You can't secure what you don't acknowledge.SM

Saturday, January 12, 2008

Solid backup/imaging tool worth checking out

If you're tired of the same old complex backup software or you have some select systems you can't afford to take the time to completely rebuild after a drive crash, theft/loss, etc. check out Acronis True Image. It's an imaging program like the original Ghost application from the '90s but can also perform select data backups. They have a version for Windows Servers, Linux, and SQL Server as well. The neat thing about True Image is that it will perform an image of "live" systems meaning you won't have to reboot into a controlled OS environment in order to get the image. You can perform a full image backup and keep working at the same time.

Although I haven't used it, True Image also has the ability to restore an image to a new set of hardware which is pretty slick given the complexities in doing this with the Windows registry, etc. It's simple without all the fluff features the enterprise applications have that most people never use. Right up my alley.

I've been using True Image Workstation for about five years and I must say it's gotten me out of a bind several times. It's also saved me hours of work over the years when I have to rebuild my Windows system every 6 months or so (you know the drill, right?). I just backup my current system, restore a master image I created with all my applications installed, restore the select data off the last image I made, and I'm done. Well, I'm done once I get the hundreds of new Microsoft and other vendor patches applied. I'm about to deploy their server version couple of systems. Hopefully it'll work just as well as the workstation product.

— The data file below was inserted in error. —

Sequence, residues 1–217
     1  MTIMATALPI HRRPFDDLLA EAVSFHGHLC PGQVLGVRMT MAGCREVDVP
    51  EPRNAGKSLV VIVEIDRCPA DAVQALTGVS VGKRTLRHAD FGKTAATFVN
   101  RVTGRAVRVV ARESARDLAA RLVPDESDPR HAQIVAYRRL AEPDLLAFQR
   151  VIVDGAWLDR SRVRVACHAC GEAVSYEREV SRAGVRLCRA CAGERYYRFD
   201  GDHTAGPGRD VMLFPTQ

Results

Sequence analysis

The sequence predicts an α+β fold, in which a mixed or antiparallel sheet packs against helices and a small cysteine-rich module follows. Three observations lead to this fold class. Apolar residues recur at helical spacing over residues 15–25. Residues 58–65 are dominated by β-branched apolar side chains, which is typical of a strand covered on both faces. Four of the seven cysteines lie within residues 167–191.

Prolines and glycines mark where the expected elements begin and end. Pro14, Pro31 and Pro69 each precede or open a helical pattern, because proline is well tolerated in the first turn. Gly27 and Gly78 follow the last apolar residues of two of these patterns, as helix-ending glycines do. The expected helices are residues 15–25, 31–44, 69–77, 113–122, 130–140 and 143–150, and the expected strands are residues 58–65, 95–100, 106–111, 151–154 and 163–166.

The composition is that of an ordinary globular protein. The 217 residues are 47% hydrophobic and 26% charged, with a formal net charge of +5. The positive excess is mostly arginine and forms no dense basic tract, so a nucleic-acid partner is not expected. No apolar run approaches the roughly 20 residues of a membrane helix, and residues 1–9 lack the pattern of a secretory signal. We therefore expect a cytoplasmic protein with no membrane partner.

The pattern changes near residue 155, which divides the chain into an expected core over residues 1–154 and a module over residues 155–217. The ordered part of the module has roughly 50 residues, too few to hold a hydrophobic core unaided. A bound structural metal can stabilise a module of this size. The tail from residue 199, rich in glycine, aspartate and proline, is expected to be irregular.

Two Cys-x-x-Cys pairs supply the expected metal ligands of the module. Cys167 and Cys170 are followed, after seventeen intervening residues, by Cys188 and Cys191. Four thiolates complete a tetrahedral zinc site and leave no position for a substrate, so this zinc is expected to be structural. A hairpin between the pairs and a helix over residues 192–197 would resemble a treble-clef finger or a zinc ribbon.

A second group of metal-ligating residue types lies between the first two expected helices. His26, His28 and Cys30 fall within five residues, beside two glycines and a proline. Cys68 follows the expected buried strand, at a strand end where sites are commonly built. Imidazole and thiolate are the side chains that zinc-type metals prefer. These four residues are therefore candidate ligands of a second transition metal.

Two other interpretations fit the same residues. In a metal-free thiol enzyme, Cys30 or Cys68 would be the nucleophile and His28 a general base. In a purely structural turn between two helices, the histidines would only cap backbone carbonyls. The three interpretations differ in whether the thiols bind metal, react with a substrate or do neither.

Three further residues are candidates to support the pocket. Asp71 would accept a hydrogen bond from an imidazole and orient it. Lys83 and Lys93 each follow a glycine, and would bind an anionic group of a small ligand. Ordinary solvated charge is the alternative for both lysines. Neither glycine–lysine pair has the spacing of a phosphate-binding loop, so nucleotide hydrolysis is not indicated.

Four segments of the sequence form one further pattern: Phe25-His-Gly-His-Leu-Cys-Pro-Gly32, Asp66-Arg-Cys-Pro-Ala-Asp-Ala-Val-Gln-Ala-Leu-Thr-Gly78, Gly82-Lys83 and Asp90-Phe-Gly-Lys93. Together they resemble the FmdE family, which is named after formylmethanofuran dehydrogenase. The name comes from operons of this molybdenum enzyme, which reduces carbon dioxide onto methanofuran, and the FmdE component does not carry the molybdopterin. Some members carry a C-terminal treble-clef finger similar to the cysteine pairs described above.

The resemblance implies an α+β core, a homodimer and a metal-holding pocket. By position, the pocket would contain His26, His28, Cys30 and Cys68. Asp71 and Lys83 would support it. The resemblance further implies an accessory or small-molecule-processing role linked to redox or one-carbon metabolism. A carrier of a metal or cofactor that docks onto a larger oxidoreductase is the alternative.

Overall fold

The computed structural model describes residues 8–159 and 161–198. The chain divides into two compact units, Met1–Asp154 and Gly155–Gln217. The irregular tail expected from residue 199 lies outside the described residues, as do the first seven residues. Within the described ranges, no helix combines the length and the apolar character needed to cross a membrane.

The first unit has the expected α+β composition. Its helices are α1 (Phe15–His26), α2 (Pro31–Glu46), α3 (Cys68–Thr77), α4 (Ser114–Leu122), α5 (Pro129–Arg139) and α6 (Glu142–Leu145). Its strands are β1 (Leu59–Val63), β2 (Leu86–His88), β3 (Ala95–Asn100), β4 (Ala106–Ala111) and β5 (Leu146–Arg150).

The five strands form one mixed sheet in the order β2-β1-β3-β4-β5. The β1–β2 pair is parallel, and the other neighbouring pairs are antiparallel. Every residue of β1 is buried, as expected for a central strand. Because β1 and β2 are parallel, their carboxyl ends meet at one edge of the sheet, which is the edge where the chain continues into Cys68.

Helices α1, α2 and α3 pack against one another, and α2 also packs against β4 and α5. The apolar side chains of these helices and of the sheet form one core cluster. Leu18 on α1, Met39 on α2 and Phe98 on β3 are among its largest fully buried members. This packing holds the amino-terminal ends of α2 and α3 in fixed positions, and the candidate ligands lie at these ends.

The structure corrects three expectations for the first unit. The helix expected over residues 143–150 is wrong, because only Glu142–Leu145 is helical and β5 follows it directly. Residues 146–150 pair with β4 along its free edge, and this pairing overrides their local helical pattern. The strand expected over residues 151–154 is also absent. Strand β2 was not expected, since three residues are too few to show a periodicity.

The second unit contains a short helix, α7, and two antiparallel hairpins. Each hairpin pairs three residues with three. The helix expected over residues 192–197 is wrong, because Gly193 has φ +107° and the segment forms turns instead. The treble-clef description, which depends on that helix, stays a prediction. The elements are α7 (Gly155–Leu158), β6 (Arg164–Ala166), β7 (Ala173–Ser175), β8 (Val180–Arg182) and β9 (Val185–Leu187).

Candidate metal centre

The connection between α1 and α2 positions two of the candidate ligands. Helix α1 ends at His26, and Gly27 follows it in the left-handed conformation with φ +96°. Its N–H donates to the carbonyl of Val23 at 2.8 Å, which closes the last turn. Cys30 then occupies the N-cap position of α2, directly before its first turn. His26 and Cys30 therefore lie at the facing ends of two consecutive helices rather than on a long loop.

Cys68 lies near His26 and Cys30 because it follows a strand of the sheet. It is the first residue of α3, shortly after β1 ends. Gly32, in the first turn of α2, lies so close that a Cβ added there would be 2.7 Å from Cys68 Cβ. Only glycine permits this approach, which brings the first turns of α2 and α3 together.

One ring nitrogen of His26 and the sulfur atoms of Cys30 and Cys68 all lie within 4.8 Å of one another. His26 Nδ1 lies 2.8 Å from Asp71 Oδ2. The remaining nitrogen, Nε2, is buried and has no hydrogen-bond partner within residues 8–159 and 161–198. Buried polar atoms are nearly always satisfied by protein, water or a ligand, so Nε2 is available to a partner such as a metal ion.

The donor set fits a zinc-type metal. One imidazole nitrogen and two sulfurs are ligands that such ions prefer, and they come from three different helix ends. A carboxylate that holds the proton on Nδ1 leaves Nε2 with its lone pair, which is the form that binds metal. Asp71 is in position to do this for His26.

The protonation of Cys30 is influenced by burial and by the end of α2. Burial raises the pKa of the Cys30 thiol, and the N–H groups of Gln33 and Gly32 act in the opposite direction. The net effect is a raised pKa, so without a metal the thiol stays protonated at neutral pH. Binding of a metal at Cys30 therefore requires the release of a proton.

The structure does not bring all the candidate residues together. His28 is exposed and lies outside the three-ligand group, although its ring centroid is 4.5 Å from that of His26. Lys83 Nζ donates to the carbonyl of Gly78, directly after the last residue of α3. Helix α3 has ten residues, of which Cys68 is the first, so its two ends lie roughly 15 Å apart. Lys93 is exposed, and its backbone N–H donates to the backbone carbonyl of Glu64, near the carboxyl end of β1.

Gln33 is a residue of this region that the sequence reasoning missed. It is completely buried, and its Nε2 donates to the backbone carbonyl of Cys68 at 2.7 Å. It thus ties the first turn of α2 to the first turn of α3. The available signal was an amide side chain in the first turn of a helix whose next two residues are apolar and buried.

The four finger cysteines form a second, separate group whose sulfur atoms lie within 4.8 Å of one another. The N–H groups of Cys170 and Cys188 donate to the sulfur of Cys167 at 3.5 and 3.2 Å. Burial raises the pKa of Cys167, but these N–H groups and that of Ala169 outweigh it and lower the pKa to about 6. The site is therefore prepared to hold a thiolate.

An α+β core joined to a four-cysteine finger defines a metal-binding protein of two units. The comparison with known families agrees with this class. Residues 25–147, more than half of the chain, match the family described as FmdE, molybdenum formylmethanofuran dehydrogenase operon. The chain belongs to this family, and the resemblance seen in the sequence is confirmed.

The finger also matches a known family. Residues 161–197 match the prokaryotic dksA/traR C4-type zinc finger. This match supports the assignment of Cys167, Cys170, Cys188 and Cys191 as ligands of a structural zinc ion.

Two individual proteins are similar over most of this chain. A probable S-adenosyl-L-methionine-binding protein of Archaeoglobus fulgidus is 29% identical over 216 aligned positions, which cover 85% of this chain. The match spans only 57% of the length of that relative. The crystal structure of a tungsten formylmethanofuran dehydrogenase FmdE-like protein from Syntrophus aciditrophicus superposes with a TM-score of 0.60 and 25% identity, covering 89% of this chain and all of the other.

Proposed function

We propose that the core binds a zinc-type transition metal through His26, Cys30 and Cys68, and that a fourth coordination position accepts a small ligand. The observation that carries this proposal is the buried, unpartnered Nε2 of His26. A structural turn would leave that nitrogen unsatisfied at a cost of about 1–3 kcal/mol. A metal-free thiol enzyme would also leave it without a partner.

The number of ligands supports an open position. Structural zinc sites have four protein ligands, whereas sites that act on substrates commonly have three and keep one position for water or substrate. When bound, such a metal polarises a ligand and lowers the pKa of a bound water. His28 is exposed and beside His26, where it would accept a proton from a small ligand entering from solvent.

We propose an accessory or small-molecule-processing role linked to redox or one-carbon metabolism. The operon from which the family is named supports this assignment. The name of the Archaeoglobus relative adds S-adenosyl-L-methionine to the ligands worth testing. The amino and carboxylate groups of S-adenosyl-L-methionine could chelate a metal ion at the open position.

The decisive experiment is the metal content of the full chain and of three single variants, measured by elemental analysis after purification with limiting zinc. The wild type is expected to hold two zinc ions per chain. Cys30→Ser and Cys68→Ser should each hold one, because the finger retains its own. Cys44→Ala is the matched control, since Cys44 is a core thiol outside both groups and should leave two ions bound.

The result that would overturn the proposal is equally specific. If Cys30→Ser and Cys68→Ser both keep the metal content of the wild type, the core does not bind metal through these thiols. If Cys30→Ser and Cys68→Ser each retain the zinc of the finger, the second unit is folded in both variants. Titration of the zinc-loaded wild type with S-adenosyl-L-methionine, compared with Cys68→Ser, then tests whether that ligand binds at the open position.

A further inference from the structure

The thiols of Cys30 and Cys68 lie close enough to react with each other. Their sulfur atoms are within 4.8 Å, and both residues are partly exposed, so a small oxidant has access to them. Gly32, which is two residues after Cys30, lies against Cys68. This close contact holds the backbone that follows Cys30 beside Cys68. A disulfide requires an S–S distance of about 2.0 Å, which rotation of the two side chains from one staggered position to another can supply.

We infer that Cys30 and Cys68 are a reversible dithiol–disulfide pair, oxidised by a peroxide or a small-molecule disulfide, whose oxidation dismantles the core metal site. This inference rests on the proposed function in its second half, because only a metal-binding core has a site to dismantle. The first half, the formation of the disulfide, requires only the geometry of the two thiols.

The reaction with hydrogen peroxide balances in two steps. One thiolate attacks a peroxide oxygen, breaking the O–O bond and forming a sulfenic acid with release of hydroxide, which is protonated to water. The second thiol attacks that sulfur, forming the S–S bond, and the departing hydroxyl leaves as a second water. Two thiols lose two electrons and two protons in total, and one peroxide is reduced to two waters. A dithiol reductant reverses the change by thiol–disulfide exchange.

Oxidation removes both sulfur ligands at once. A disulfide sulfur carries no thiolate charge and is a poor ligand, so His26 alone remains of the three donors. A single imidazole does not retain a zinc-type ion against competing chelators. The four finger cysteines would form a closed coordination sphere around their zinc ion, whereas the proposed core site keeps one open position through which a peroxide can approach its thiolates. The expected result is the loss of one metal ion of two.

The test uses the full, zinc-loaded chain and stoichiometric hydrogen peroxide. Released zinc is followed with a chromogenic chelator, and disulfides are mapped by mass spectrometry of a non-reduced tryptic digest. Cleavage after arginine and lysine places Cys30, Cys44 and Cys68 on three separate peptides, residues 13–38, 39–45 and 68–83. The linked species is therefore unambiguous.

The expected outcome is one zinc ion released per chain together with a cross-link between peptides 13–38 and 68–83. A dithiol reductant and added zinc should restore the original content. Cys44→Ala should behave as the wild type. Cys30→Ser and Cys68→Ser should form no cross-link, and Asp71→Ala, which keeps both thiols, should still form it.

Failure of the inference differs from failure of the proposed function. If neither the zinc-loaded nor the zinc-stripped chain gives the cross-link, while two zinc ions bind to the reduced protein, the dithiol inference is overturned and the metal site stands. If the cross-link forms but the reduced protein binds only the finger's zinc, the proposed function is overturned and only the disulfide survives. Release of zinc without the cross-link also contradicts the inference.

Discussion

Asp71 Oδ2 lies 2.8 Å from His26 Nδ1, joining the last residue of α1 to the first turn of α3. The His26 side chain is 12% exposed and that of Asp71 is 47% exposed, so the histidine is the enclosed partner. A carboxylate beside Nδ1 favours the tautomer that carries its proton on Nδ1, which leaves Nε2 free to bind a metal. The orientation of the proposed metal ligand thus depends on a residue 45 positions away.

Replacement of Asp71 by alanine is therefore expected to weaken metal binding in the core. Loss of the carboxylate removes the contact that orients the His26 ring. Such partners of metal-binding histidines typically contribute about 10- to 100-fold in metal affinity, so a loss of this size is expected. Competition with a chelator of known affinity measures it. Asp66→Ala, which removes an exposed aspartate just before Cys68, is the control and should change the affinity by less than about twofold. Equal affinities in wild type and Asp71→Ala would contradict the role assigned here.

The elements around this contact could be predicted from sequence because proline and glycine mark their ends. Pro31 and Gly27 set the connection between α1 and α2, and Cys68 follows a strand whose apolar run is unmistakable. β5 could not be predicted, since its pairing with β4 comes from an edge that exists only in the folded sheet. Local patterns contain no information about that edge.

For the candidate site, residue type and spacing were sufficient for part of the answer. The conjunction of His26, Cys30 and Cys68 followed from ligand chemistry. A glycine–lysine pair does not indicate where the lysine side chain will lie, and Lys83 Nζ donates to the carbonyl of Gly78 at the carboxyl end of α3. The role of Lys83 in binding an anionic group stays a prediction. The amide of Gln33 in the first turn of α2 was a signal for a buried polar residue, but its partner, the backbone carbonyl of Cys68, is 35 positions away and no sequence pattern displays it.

Friday, January 11, 2008

Be careful when checking for domain name availability!

Although I'm (currently) a customer of Network Solutions for a few of my Internet domain registrations, I've never been a big fan. Too much cockiness and too much money for registering domain names. Well, they've finally stepped over the line and are apparently doing something that I've often wondered was taking place with domain name registrations.

According to this NewsFactor article, Network Solutions is monitoring domain names that people are searching for, registering the names to itself, and "squatting" the domain names for four days afterwards so the original person looking to register the domain name(s) now has to register with Network Solutions. Unbelievable. Sadly it doesn't surprise me.

Once the domains become available the odds of them getting snatched up by other cybersquatters looking to capitalize on how the registration marketplace works goes up...The person with the original idea loses out. Call it Capitalism at its finest or at its worst, it's ridiculous.

No more Network Solutions for me! GoDaddy: I hope you have some room for transfers because you're about to get a few more.

Tuesday, January 8, 2008

Thought for the day on security getting in the way

Here's a great quote I was reminded of that made me chuckle thinking about how information security controls often result in the same outcome...From the business master himself: